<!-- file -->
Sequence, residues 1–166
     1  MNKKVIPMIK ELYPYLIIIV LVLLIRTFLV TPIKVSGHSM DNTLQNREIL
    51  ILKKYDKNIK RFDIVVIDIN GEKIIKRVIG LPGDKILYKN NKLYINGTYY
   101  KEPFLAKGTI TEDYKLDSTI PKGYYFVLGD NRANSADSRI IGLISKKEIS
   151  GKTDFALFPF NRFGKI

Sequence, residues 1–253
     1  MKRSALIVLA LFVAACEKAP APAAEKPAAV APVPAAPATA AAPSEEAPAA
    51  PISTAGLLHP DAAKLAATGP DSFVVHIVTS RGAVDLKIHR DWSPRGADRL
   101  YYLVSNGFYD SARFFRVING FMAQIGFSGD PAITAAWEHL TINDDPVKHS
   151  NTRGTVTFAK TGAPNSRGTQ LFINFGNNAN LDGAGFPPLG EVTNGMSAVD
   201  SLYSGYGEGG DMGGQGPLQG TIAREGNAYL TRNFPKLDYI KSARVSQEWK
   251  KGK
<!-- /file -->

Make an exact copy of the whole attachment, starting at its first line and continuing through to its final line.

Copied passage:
Sequence, residues 1–166
     1  MNKKVIPMIK ELYPYLIIIV LVLLIRTFLV TPIKVSGHSM DNTLQNREIL
    51  ILKKYDKNIK RFDIVVIDIN GEKIIKRVIG LPGDKILYKN NKLYINGTYY
   101  KEPFLAKGTI TEDYKLDSTI PKGYYFVLGD NRANSADSRI IGLISKKEIS
   151  GKTDFALFPF NRFGKI

Sequence, residues 1–253
     1  MKRSALIVLA LFVAACEKAP APAAEKPAAV APVPAAPATA AAPSEEAPAA
    51  PISTAGLLHP DAAKLAATGP DSFVVHIVTS RGAVDLKIHR DWSPRGADRL
   101  YYLVSNGFYD SARFFRVING FMAQIGFSGD PAITAAWEHL TINDDPVKHS
   151  NTRGTVTFAK TGAPNSRGTQ LFINFGNNAN LDGAGFPPLG EVTNGMSAVD
   201  SLYSGYGEGG DMGGQGPLQG TIAREGNAYL TRNFPKLDYI KSARVSQEWK
   251  KGK